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Design and Development of Novel Dental Restorative Resin Systems

Dental Materials and Biomaterials Program
Integrative Biology and Infectious Diseases Branch


The intent of this initiative is to support research on the design and development of novel dental restorative resin systems that demonstrate superiority in material properties and endurance in the oral environment over the currently used bisphenol A glycidyl methacrylate/triethylene glycol dimethacrylate (Bis-GMA/TEGDMA)-based systems.  The goal is not to incrementally improve the currently utilized dental restorative systems, but to develop a novel, new restorative resin that is not susceptible to esterase degradation.  This novel restorative resin should meet the following criteria:  biocompatibility; aesthetics; low shrinkage; mechanical superiority to existing commercial products; resistance to degradation in the oral cavity; satisfactory handling properties; limited leaching of resin components; and be significantly longer-lived than current resin restorative dental materials.  With the development of a new resin, the corresponding coupling agents, fillers, and dentin/enamel bonding agents may also need to be redesigned. It is expected that the clinical survival of these novel restorative systems will exceed current commercial materials by at least a factor of two.

Multidisciplinary approaches are strongly encouraged from research areas traditionally not focused on dental restorative resins.  Investigators involved with polymer development such as polymer chemists, organic chemists, computational evaluation of polymer systems, materials scientists, chemical engineers, bioengineers, clinicians, and microbiologists, as well as those engaged in bone cement fabrication, in vitro, in vivo, animal, and clinical studies are encouraged to collaborate.  The evaluation of the novel resin system must include a physiologically relevant oral microbial environment. Other properties of the novel resin system such as the ability to self-heal, be biomimetic, and be directly integrated with the host dentin/enamel interface without an adhesive would add significant value to the design.



The increasing use of dental composites and the associated dentin/enamel bonding agents is approaching approximately 65-70% of dental restorations placed in the United States. These restorations are currently a combination of three main components: Bis-GMA/TEGDMA resin matrix (20-25% by weight), glass or ceramic filler particles (75-80% by weight), and a silane coupling agent to bind the resin matrix to the filler particles. The dental restoration is attached to the surrounding tooth structure using a dentin/enamel adhesive. The composite resin allows for convenient manipulation and handling, properties valued by dentists, and the filler provides strength and aesthetics. This dental composite is placed within a tooth as a paste mixture of its components and polymerized using a 400-480 nm curing light. Unfortunately, the lifespan of these materials is limited to six to seven years. Although improvements have been made in the composite resin and filler properties, the resin chemistry is fundamentally unchanged since its introduction in the early 1960’s. Current research on developing new improved materials has been concentrated on incremental modifications of the Bis-GMA/TEGDMA resin to reduce polymerization shrinkage and residual polymerization stress. The current resin system has been shown to alter the metabolism of caries-related bacteria and biofilm, such that secondary caries juxtaposing dental restorations may have a different microbial environment than initial caries on enamel-dentin surfaces. For example, leached unreacted monomers and other degradation products from dental restorations and sealants have been associated with a muted immune response, possibly also eliciting changes in bacterial responses.  In addition, health concerns continue with the perceived release of bisphenol A used in the manufacturing of products including dental restorations and sealants.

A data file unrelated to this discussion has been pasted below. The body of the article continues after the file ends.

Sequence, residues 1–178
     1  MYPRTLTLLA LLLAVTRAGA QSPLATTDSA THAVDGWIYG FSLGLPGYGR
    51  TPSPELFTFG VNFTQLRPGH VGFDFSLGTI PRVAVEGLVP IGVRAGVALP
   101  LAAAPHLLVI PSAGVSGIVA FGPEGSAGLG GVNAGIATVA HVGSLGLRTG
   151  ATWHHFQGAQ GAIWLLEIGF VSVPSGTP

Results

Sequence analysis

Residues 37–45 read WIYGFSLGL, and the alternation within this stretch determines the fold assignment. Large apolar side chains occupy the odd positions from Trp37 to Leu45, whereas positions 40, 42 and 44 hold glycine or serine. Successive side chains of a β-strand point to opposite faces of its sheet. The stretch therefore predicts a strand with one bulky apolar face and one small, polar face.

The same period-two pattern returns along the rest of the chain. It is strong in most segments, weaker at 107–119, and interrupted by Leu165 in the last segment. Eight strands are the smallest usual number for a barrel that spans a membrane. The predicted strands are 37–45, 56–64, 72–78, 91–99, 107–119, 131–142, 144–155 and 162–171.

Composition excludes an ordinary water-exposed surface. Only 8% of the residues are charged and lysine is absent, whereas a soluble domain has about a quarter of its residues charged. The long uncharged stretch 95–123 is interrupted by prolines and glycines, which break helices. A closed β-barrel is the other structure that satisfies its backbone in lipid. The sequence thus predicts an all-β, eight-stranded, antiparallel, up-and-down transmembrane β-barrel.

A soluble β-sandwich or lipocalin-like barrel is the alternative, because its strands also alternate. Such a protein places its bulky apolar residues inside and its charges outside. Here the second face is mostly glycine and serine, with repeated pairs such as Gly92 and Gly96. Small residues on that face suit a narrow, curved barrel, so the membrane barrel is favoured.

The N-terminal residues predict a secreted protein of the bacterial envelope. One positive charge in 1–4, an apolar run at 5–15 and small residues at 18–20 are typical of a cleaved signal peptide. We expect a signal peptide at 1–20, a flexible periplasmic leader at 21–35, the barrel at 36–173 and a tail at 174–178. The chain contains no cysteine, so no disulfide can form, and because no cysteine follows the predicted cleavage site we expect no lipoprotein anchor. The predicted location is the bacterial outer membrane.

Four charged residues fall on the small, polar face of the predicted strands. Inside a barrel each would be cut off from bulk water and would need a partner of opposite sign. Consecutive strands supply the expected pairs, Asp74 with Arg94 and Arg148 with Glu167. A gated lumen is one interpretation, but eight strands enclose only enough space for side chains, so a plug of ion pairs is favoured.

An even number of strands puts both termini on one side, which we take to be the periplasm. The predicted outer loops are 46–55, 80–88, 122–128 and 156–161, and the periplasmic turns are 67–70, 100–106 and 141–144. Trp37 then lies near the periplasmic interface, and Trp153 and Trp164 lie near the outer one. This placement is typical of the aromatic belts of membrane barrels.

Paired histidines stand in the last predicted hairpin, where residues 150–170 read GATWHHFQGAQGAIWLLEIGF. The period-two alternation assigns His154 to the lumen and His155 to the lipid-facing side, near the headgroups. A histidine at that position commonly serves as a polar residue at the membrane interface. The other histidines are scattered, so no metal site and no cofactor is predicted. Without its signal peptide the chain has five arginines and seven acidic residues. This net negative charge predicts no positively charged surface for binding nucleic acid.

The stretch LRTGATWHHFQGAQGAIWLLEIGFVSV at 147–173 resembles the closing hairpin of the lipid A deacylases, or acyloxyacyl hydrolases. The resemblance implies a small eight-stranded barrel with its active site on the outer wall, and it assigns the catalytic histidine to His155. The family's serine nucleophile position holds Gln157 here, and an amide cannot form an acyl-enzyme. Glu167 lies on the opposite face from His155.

From the 2005-06 Survey of Dental Services Rendered, an estimated 122.7 million dental restorations were placed in 2006 and the current trends in clinical dentistry indicate that this number is likely to increase. The advance of a new, longer-lasting composite resin and corresponding filler and adhesive components is an urgent dental and oral health need which could  have a significant positive impact on the oral health of the US population.



The NIDCR Strategic Plan of 2009-2013 lists dental caries as the single most common chronic disease of childhood in the United States. In addition, recurrent caries and root caries are prevalent among adults and the elderly, and initial caries are disproportionately found at higher rates in disadvantaged groups of the population.  These lesions require the placement of dental restorations.  The objective of this initiative is consistent with the NIDCR Strategic Plan 2009-2013, Objective I-5 “Facilitate reconstruction and regeneration of diseased or damaged oral and craniofacial tissues and organs through biological, bioengineering, and biomaterials research approaches”.  Interdisciplinary research among chemists, chemical engineers, bioengineers, materials scientists, microbiologists, cariologists, and clinicians together with investigators from new disciplines such as computational chemists and interface scientists will be necessary to design and develop a novel dental restorative resin system.

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This page last updated: March 12, 2014